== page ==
Unless the state quickly gains access to a broadband network it spent $90 million building, US District Court Judge Timothy Hillman is threatening to start imposing fines on the company causing the delays. (Berkshire Eagle)
Latino leaders and organizations are pushing for the selection Angelica Infante-Green as the state’s next education commissioner. Infante-Green, the daughter of immigrants from the Dominican Republic and a deputy commissioner in New York state, is one of three finalists for the job who will be interviewed today by the state Board of Elementary and Secondary Education. (Boston Globe)
Three hockey coaches at Andover High School are under suspension by the school and being investigated by the state Department of Children and Families for allegations that they withheld water and food from school’s boys hockey team after team losses; a student manager for the team says the charges are false. (Boston Herald)
Former US education secretary John King used his own personal life story to show that poverty and other barriers to learning can be overcome. (CommonWealth)
Massachusetts is one of 43 states to receive a failing grade in a report from an advocacy group for failing to protect students from for-profit colleges that close their doors or fail to fulfill their promises. (State House News Service)
Seventeen public health schools in the US and Canada pledge not to accept grant money from a new anti-smoking foundation backed by Philip Morris. (Associated Press)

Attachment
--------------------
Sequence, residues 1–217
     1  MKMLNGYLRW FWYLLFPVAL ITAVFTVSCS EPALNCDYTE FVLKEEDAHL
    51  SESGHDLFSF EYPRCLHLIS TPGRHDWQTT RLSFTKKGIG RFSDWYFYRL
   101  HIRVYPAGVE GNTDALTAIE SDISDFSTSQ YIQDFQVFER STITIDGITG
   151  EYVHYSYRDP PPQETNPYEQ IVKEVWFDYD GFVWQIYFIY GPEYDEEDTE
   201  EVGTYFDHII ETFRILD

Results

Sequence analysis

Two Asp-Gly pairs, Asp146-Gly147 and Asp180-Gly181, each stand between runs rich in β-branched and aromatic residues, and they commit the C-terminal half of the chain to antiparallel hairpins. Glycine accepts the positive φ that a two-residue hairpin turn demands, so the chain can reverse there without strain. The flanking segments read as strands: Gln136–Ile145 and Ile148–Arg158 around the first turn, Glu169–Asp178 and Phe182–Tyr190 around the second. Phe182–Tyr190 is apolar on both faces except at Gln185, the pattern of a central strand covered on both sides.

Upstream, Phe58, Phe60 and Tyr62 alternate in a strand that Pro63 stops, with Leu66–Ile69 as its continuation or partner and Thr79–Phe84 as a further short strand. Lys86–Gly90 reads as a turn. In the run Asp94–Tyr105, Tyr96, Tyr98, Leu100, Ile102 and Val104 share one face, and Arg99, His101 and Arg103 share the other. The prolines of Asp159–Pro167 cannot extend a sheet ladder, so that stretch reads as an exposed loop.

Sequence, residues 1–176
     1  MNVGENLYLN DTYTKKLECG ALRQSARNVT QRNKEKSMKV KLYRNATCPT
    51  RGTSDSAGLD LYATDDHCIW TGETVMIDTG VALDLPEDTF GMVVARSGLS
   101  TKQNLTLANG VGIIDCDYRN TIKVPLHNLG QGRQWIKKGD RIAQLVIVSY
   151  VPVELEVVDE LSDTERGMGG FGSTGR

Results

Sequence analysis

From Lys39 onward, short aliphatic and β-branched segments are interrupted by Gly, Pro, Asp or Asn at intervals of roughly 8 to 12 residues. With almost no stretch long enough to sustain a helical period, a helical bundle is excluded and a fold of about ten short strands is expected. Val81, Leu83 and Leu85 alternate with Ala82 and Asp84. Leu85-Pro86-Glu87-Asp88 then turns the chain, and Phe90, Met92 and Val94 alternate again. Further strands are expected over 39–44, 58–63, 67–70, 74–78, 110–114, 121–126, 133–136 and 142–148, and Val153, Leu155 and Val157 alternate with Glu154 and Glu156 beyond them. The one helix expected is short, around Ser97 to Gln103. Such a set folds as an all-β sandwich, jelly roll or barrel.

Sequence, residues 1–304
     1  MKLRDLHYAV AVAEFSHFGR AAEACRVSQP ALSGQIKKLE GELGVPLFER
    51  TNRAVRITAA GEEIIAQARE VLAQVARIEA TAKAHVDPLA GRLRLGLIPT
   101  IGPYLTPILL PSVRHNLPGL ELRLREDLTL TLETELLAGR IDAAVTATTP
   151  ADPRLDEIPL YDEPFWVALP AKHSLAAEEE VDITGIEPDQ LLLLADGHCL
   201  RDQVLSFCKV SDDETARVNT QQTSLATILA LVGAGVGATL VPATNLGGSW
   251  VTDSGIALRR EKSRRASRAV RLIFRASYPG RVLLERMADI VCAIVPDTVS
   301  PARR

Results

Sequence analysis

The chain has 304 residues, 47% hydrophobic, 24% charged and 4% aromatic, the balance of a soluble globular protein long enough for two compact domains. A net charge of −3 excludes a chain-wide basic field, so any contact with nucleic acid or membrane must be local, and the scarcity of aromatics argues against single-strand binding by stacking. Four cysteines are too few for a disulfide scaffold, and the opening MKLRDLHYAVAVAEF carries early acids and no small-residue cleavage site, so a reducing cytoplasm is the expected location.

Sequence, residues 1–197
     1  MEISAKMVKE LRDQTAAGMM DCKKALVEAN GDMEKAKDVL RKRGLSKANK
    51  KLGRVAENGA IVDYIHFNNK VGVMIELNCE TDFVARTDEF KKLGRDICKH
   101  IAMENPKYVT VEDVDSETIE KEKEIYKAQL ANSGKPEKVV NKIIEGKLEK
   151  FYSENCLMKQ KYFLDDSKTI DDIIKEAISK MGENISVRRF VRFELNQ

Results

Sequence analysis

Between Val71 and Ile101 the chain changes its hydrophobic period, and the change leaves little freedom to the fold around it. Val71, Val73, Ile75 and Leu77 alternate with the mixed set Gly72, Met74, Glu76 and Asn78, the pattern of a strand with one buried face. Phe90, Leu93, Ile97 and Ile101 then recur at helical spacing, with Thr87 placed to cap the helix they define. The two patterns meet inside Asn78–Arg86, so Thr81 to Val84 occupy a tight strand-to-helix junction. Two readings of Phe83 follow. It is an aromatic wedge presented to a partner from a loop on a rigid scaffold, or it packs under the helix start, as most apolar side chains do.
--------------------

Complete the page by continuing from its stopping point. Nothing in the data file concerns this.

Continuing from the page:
A Lowell Sun editorial said the MBTA shouldn’t get stuck with the bulk of the costs for commuter rail service to New Hampshire.
Construction of high-speed rail between San Francisco and Los Angeles balloons billions over budget. (Governing)
Keller@Large, the official scold of the Bay State, said it should come as no surprise we rank near the bottom in a report of the worst states to drive in but says one area we can improve but was not measured is road rudeness.
The Baker administration selected Northern Pass as the winner of an enormous clean energy procurement. A joint project of Hydro-Quebec and Eversource Energy, Northern Pass is the clean energy play that environmental groups don’t like. (CommonWealth)
A new China policy is wreaking havoc with the recycling industry, making it difficult to find buyers for waste paper and other scrap materials. State officials have even allowed some recyclables to be burned or buried. (CommonWealth) Some local communities are cracking down on what can be tossed in the recycling bin. (Salem News)
The deed filed for the purchase of the shuttered Brayton Point power plant in Somerset shows the sales price as $8.5 million, about 1/20th the value of the assessment by the town which could lead to a tax abatement. (Herald News)
Sandwich officials are seeking permission from state and federal environmental and marine agencies to use sand from Scusset Beach on the mainland side of the Cape Cod Canal to replenish constantly eroded areas of Town Neck Beach. (Cape Cod Times)
A former clinician in Pittsfield’s drug court is suing Judge Thomas Hestes saying she lost her job after complaining about his sexual advances. (Berkshire Eagle)
Gov. Charlie Baker congratulated a new class of State Police recruits — and cautioned them to stay on good behavior at all times. The agency has been the focus of several controversies of late involving allegations of wrongdoing by officers. (Boston Herald)
Round 1 in the ratings fight between the new and former NBC affiliate in Boston goes to the former. (Boston Globe)
The cover of Vanity Fair’s Hollywood issue is causing quite a stir, not only because Oprah Winfrey has three hands and Reese Witherspoon has three legs, but because James Franco was edited out after sexual harassment allegations surfaced against him. (Hollywood Reporter)